Gate B1 at LaGuardia Airport. Eating a pretzel dog. Waiting to fly back to Kansas City after three days at a Marvel Comics writers summit. Knowing that when I get home I'll be swamped with work. Back to writing a total of six different titles for two different companies. Having to keep eight and sometimes nine different art teams all working at the same time. And loving every single second of it.

That's where the hell I am.

But how did I get here?

How did an awkward, little, mullet-headed nerd from deep in the backwoods of Alabama wind up stumbling his way into a career in comics?

Was it luck? Determination? An inability to succeed at anything else? Free porn?

Or would you believe, all of the above.

The simple answer is, I got lucky. I won a Marvel Comics talent search contest back in 2001 and got to write an eight page Wolverine story. I'd never written a comic script before, never written a pitch. But I'd been reading comics for 20 years and had always dreamed of breaking in. Encouraged by the contest win, I started sending out pitches. To Marvel. To everyone. Nobody in comics knew who the hell I was. I was just a fan, a guy who'd stand in line at conventions to get my comics signed and who'd get nervous as hell when it came my turn to shake hands with my favorite creators.

One day an editor at Vertigo picked a script of mine off his slush pile and gave it a read, and in 2006 that script became "The Other Side," my first full comic book work. ""The Other Side" earned me an Eisner nomination and another gig: "Scalped," an ongoing crime series, also for Vertigo.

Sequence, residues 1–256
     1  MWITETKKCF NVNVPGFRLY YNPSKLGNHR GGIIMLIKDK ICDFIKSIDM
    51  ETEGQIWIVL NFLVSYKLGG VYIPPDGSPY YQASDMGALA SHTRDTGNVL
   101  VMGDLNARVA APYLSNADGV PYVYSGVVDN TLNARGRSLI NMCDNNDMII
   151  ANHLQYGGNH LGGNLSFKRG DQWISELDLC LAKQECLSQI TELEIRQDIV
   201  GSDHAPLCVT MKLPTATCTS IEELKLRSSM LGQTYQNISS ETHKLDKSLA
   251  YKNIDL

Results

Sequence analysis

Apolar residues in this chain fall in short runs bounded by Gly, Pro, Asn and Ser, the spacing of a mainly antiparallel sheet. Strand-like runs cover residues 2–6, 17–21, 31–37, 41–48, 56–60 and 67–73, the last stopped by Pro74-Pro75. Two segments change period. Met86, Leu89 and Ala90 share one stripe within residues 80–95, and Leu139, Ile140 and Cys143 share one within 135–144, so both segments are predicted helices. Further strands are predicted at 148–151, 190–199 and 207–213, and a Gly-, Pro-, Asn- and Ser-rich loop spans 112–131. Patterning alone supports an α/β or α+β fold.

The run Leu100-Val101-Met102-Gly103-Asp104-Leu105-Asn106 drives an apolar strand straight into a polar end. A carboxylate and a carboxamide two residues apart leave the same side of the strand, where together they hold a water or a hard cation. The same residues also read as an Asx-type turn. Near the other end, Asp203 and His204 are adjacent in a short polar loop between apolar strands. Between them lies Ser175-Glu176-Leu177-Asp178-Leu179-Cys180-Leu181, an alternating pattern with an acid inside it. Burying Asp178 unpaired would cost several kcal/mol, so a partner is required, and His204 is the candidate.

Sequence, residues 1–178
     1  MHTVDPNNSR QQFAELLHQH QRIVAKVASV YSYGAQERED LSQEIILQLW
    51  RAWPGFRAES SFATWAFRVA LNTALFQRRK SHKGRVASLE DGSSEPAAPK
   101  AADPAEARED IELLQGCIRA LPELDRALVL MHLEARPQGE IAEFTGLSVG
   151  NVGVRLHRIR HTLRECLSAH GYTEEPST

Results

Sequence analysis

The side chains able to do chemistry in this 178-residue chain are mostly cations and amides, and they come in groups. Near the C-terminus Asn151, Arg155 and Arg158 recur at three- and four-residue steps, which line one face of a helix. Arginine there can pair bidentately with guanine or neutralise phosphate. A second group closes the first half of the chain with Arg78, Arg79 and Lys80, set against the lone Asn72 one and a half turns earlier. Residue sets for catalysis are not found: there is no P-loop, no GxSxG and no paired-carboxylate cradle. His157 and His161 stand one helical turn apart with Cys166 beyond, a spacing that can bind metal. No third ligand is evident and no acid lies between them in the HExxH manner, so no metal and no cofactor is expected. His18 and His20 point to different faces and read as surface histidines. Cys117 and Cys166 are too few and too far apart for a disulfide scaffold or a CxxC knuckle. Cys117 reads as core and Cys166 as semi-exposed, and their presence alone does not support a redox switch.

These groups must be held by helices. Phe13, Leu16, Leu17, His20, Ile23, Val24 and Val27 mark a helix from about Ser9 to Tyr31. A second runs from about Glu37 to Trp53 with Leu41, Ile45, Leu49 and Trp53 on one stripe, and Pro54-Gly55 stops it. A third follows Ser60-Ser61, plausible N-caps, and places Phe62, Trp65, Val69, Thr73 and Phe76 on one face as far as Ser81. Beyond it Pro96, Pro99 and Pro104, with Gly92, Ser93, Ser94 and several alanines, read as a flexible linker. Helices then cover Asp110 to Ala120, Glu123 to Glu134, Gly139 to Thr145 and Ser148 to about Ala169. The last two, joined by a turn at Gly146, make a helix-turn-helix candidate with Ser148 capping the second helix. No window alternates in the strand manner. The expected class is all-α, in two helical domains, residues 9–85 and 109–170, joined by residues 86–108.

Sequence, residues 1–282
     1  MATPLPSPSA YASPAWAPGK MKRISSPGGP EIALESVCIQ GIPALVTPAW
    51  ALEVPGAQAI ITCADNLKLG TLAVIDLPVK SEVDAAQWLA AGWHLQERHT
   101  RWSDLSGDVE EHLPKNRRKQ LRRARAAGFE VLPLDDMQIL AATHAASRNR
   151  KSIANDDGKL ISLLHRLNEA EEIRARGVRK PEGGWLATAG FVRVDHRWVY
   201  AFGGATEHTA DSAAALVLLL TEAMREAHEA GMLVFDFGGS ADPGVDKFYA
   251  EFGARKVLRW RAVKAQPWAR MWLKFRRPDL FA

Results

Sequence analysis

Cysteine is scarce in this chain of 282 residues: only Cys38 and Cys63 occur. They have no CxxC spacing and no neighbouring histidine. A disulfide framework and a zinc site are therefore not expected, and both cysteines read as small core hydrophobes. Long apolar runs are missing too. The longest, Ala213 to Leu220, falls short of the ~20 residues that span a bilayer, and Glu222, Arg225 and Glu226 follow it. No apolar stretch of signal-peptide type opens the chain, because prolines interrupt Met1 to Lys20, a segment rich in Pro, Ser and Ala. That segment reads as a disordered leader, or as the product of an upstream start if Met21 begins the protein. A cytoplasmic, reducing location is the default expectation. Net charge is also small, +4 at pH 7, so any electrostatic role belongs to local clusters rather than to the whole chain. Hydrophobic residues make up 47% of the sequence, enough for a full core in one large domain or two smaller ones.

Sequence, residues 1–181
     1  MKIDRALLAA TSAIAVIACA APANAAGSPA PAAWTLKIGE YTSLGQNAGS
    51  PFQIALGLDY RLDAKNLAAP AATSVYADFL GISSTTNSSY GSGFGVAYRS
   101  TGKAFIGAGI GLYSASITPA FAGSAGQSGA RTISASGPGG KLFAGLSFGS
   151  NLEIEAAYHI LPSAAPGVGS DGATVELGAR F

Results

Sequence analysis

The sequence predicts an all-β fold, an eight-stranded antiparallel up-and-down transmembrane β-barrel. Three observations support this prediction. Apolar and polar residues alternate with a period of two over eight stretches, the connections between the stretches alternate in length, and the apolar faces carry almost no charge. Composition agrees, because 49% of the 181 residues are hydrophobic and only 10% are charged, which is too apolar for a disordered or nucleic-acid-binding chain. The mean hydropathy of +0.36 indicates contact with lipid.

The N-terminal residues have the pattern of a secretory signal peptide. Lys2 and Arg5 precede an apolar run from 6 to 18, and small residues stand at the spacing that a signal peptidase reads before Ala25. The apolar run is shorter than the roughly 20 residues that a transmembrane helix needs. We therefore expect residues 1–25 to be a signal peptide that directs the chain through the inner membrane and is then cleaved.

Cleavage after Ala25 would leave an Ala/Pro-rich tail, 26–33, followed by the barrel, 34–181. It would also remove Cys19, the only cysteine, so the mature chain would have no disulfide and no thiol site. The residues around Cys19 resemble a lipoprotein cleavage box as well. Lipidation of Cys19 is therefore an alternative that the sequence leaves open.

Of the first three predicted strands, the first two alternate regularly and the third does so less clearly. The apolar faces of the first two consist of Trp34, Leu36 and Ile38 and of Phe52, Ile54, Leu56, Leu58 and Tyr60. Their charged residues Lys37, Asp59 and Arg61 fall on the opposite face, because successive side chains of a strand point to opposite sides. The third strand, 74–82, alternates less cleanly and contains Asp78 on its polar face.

My Vertigo work soon found its way into the hands of editor Axel Alonso at Marvel and he offered me a Wolverine story. So in six years, I'd come full circle. I was back at Marvel, writing Wolverine again. Only this time, my Wolverine gig led to more work and soon an exclusive deal with Marvel (though one that allows me to continue writing "Scalped"), and here I am.

That's the standard answer. The one I always give in interviews. But it leaves a few things out. Like all the embarrassing shit I did along the way. All the mistakes and mis-steps. All the struggle and years of work with nothing to show for it. All the waiting. All the shit that's not particularly cool to talk about.

That's exactly the sort of shit I want to talk about here.

For the next however-many-weeks this column runs, I'll be talking about the real story of how I broke into comics. I'll be as frank and open as I can be about myself and the industry I work in. I'm not here just to try and make myself look cool, 'cause God knows I ain't. And I'm not trying to say I have all the answers when it comes to breaking in, 'cause God knows I don't. If anybody does say they have all the answers, they're either full of shit, delusional or Warren Ellis. I'm just saying, here, this is I what I did in all its pathetic fucking glory. Make of it what you will, my son.